1. Organizations prescribed by statute or legislatively mandated; and

2. Area offices, libraries, laboratories, etc.

3. Resident Posts may not have a function separate from the Investigations Branch.

4. An Office/Center may request an exception or special waiver by submitting a justification memorandum to the Commissioner through the Chief Operating Officer (COO). The justification must include the purpose, benefit, and the negative impact if the exception is not granted.

VI. APPROVAL AUTHORITY.  

A. Secretarial Approval. The Secretary retains the authority to approve all organizational changes that involve:

1. More than one organizational component with an operational mission or function.

2. A statutorily-based or legislatively mandated organization (Consult with the Office of Chief Counsel (OCC) for more information on applicability).

3. A significant reorganization which may affect the public. Examples include the reorganization of multiple offices within the Commissioner’s Office or the realignment of functions that have a direct impact on the public.

B. FDA Commissioner Approval. The FDA Commissioner retains the authority to approve all 1st and 2nd echelon reorganizations, except those noted in VI.A. above.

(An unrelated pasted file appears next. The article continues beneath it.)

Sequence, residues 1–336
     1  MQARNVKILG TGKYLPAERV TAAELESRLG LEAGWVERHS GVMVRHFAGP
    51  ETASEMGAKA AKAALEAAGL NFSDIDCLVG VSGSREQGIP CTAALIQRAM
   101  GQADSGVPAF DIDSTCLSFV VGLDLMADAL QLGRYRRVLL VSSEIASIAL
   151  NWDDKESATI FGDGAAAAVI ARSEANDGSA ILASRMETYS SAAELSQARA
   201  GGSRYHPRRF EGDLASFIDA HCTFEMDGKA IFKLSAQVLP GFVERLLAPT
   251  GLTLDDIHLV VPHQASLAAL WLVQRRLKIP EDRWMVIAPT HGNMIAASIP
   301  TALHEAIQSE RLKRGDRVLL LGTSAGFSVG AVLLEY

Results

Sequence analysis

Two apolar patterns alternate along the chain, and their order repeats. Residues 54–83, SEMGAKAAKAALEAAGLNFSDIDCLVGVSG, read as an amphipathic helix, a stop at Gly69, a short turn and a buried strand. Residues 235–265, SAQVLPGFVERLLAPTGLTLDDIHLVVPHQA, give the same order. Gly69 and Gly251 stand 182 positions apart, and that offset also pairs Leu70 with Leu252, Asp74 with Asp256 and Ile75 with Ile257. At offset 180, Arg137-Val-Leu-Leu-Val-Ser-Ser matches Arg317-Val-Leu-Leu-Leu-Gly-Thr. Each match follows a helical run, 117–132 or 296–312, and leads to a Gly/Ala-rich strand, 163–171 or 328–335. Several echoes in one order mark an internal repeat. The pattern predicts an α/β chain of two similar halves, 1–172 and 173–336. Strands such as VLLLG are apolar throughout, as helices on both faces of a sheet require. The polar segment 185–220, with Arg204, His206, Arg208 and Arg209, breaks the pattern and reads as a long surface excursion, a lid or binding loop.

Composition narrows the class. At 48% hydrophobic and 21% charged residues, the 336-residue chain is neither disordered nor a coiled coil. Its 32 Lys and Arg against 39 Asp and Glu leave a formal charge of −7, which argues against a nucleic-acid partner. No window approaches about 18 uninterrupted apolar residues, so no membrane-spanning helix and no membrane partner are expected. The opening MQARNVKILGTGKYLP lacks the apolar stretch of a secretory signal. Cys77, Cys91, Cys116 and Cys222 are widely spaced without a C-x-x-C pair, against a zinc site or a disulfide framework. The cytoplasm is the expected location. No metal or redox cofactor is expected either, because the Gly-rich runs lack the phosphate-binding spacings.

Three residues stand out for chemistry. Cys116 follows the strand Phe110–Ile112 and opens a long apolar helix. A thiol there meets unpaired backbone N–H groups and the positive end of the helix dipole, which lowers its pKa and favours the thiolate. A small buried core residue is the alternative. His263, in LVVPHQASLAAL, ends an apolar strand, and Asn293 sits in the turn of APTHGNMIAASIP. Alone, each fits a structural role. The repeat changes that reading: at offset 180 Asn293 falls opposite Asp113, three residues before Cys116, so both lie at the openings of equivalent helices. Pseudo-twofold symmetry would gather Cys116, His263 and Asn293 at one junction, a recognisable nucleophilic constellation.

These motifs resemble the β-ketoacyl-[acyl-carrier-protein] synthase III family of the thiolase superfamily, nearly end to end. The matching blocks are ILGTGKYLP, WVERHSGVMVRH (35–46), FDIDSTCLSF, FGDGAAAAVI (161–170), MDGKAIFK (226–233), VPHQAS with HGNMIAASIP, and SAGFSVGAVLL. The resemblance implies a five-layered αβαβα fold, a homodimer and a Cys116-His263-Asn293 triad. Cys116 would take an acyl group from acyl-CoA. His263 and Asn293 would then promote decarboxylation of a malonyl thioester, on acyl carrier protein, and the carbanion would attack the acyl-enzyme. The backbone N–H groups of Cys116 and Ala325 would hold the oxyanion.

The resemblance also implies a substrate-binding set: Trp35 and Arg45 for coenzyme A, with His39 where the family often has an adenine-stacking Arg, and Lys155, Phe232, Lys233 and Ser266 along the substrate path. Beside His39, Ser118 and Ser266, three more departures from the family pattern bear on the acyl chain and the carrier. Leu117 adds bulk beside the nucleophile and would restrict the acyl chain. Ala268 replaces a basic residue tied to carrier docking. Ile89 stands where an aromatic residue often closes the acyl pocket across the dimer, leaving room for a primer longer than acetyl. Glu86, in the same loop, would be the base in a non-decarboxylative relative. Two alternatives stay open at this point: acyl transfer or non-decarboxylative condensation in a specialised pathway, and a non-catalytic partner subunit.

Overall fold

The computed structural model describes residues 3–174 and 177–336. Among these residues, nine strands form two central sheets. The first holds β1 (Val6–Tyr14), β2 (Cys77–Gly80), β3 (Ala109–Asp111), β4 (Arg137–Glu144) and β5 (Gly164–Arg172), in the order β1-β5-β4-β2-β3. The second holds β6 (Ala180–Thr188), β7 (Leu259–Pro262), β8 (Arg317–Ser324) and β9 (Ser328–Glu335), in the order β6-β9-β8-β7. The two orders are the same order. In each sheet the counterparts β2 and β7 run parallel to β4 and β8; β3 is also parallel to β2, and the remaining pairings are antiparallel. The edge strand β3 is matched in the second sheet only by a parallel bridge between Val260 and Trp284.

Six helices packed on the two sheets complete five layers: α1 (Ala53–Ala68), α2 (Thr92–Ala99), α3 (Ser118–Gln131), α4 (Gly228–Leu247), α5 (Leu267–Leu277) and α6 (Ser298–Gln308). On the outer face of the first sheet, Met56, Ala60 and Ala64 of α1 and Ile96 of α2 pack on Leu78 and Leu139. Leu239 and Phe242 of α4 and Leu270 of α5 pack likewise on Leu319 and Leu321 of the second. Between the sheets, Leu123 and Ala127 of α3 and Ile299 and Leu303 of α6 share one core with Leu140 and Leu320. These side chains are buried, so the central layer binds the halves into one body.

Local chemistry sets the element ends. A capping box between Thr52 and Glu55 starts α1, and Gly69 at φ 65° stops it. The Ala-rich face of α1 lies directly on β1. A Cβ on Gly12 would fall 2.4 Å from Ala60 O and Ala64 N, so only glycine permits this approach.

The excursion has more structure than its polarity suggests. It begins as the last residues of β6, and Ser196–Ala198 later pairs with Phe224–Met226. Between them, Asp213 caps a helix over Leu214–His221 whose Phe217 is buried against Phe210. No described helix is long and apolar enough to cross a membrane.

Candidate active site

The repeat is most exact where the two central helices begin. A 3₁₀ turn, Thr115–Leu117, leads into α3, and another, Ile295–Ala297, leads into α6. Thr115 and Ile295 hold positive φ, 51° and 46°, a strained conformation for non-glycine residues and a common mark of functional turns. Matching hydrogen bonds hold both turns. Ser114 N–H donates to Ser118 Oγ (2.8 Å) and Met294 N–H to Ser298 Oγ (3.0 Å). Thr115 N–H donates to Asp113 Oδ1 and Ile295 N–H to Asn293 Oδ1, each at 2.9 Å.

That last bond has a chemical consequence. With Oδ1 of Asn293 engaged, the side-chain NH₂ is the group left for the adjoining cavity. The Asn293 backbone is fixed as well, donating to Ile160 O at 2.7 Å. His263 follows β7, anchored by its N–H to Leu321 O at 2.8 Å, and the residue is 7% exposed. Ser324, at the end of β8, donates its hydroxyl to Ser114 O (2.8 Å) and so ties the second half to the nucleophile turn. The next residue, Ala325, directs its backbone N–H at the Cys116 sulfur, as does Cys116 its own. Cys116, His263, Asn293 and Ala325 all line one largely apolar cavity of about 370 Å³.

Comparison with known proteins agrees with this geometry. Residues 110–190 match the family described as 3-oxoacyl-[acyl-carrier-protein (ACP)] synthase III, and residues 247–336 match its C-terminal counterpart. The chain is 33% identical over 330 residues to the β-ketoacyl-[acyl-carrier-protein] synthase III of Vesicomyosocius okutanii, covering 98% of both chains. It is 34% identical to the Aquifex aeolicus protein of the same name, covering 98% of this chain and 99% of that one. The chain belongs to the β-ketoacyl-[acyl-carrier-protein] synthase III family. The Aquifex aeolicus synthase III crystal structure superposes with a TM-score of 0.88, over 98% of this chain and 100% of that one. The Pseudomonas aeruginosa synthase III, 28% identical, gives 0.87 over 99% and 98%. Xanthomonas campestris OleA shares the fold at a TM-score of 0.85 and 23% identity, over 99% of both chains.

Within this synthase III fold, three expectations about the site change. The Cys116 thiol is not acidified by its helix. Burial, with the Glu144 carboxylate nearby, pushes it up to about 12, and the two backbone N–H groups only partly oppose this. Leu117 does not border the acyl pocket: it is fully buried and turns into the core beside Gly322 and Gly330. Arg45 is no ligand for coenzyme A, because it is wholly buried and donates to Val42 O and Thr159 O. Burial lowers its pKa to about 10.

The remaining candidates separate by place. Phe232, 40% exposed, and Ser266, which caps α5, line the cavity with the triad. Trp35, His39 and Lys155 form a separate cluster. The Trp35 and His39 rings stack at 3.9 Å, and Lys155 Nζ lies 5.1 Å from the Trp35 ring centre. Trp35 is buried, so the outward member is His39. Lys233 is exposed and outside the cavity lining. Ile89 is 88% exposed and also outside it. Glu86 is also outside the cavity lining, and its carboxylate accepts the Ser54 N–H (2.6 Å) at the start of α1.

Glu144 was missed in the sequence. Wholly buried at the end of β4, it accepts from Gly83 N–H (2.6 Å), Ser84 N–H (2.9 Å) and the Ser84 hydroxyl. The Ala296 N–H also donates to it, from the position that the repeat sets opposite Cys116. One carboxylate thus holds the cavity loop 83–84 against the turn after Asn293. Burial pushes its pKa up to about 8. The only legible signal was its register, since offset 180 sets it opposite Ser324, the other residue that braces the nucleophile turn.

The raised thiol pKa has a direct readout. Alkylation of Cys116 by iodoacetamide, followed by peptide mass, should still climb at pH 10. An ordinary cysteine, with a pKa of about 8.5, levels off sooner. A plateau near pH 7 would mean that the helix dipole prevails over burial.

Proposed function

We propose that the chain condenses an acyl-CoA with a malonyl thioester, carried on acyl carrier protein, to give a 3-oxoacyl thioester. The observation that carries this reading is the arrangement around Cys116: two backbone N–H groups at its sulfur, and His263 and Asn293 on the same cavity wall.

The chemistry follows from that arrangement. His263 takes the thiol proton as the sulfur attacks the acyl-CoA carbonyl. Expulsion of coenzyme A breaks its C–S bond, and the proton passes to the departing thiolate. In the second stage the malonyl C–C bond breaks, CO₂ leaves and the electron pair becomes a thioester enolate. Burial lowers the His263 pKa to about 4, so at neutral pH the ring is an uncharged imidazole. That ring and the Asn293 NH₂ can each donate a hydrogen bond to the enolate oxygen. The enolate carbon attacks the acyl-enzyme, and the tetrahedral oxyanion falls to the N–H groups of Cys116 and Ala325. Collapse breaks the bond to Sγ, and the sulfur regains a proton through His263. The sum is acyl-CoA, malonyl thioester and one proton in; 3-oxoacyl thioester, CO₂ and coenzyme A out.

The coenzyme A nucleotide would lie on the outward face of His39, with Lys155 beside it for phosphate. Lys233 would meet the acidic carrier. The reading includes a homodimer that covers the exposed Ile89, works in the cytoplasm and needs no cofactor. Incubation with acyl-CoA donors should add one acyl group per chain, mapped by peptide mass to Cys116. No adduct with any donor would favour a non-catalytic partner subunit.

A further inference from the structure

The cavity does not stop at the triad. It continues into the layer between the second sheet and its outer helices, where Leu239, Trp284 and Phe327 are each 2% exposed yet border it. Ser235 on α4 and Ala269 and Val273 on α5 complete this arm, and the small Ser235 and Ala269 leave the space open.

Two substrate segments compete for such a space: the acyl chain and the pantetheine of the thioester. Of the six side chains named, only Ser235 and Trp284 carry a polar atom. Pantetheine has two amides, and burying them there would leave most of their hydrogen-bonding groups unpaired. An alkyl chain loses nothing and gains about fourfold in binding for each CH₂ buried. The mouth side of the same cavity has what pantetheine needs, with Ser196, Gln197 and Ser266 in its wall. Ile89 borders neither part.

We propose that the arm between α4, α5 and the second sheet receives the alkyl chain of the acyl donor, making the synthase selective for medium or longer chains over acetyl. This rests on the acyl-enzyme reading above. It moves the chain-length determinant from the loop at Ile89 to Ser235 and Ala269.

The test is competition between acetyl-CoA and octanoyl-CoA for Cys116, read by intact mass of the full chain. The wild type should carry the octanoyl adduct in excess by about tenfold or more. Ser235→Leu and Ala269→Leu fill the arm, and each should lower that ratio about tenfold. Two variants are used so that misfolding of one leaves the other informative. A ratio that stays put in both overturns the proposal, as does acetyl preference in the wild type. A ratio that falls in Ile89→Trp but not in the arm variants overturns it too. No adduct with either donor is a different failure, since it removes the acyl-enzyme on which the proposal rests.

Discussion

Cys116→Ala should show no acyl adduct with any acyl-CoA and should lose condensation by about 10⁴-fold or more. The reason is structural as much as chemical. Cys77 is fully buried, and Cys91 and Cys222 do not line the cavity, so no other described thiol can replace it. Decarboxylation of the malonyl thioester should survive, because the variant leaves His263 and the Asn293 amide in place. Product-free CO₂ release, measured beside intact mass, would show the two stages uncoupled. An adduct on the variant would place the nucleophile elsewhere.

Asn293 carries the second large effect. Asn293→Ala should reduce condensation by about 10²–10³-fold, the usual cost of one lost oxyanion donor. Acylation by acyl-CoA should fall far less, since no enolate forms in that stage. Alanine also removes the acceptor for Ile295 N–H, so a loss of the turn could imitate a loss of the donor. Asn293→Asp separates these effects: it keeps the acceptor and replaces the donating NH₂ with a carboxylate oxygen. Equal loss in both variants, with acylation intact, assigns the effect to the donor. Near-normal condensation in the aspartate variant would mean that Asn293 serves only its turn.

C. Deputy Commissioner, Chief Scientist, Chief Operating Officer (COO) and Center Directors/Associate Commissioner for Regulatory Affairs (ACRA).Deputy Commissioners, Chief Scientist, COO and Center Directors/ACRA are delegated authority to approve all third echelon and below reorganizations with prior review and concurrence by the Director, Office of Business Services/Management Analysis Staff with the exception of those noted in VI.A. above.

VII. REORGANIZATION EFFECTIVE DATE.  

The reorganization effective date is the date the authorized approving official (i.e., the Secretary, Commissioner, or Center Director/ACRA as previously determined), by virtue of his/her signature, signs and dates the official request.

Note: Although the request for reorganization has been approved, no movement of employees or filling of positions in the new organization may occur until OHR has approved and keyed in the SAC(s) into the OHR personnel database. Once this process has occurred, OHR begins processing the movement of employees to new positions and to new administrative codes.

VIII. EFFECTIVE DATE. 

Approved by the Chief Operating Officer, effective on September 25, 2012.

IX. Document History -- SMG 1005.1, Policy Regarding Organizational Changes 

STATUS (I, R, C)DATE APPROVEDLOCATION OF CHANGE HISTORYCONTACTAPPROVING OFFICIAL

Revision

09/26/2007N/aFDA Office of the Commissioner, Office of ManagementJohn R. Dyer, Deputy Commissioner for Operations and Chief Operating Officer
Revision04/23/2010N/aFDA Office of the Commissioner, Office of Management ProgramsRussell J. Abbott, Deputy Commissioner for Administration
Revision09/25/2012N/aFDA Office of Operations

Walter S. Harris,

Chief Operating Officer